(a) Ireland. House of Commons. The Parliamentary Register. Vol. I (14 Oct 1783—14 May 1784). Dublin: P. Byrne, W. Porter, 1784. (b) Belfast News-Letter, 30 July 1784. Cornelius Marshall's cotton works at Enniskillen, county Fermanagh. Digital copy online at (accessed by subscription). (c) Belfast News-Letter, 4 February 1785. Cornelius Marshall in partnership with son-in-law, John Cochran, in the manufacture of cotton, and intent to remove to Enniskillen.


Belfast News-Letter, 18 July 1785. Death notice for Cornelius Marshall of Caledon. Digital copy online at (accessed by subscription).


Registry of Deeds, Ireland. Memorial no. 375-392-251449: Lord Enniskillen & others to Irwin (dated 28 April 1786; reg'rd 30 May 1786). Copy per FHL film no. 532575. Transcribed by Alison Kilpatrick, and submitted to, 2017-01-25.


Church of Ireland. Marriage Licence Bonds, 1727-1845. Diocese of Armagh. Transcribed by Judy Bingham, California, USA, from FHL film no. 100859 (2005-12-13). Confirmed by A. Kilpatrick to digital copies held by (accessed 2016-02-01, by subscription).


Burke, Ashworth P. Family Records. “Babington,” of county Donegal. London: Harrison and Sons, 1897 (pp. 17-21).


Belfast News-Letter, 13 March 1778. Death notice: "Died, on Friday last, at Caledon, in the county of Tyrone, the Revd. Mr. Humphry Babington, a worthy clergyman.” Digital copy online at (accessed by subscription, 2016-11-30).


Brady, William Maziere. Clerical and Parochial Records of Cork, Cloyne, and Ross. Vol. II. London: Longman, Green, Longman, Roberts, and Green, 1864 (pg. 155). Richard Babington, A.M., rector of Clonpriest in 1820; appointed rector, Upper Langfield, in 1803; rector of Cumber, in the diocese of Derry, 1812. 


Ballymena Observer, 17 April 1858. “Walks about Ballymena.—No. XII. The Parish Church,” including a biographical sketch of the Rev. Richard Babington who d.1819, buried in Ballymena church yard. Digital copy online at The British Newspaper Archive, (accessed 2017-01-24, by subscription). Transcribed by Alison Kilpatrick.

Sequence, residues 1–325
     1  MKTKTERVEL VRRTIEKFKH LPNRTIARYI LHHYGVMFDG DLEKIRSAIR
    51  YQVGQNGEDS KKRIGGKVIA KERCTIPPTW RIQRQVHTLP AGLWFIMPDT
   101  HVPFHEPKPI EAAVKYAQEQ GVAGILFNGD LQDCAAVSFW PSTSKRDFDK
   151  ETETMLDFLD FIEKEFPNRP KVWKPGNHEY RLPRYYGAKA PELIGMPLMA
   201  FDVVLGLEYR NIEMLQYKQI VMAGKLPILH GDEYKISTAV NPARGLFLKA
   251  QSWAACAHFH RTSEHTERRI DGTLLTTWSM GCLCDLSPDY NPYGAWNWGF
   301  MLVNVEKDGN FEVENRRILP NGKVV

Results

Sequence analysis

Saunders’s News-Letter, 1 December 1809. Marriage notice for Ann, daughter of the Rev. Richard Babington of Ballygarvey, parish of Kirkinriola (near Ballymena), to Capt. Buttle of the 22nd regiment. Digital copy online at The British Newspaper Archive, (accessed 2017-01-24, by subscription).


Public Record Office of Northern Ireland, Belfast. Pre-1858 Wills and Admons; Armagh Diocesan Wills. Norris, Oliver, Caledon, co. Tyrone, probate 1817 (document has not survived). Online at the PRONI’s Name Search facility (accessed 2017-01-24).


(a) Belfast Commercial Chronicle, 17 August 1816. Marriage notice for Elizabeth, third daughter of Oliver Norris of Caledon, to James Wilson Ramsey of Dublin, Esq. (b) The Pilot, 2 December 1846. Marriage notice for Oliver Norris Birney to Anne, daughter of James Wilson Ramsay of Dublin. (c) Dublin Evening Post, 1 September 1849. Death notice for Oliver Norris Ramsay, at Dublin. (d) Tipperary Vindicator, 10 April 1868. Marriage notice for Elizabeth, daughter of Oliver Norris Birney, to Oliver Pringle of Tylledon, Glasslough. —Digital copies of each of these articles online at The British Newspaper Archive, (accessed 2017-01-24, by subscription). Transcribed by Alison Kilpatrick.

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"The past is a foreign country; they do things differently there."—Lesley Poles Hartley (1895–1972), The Go-Between (1953).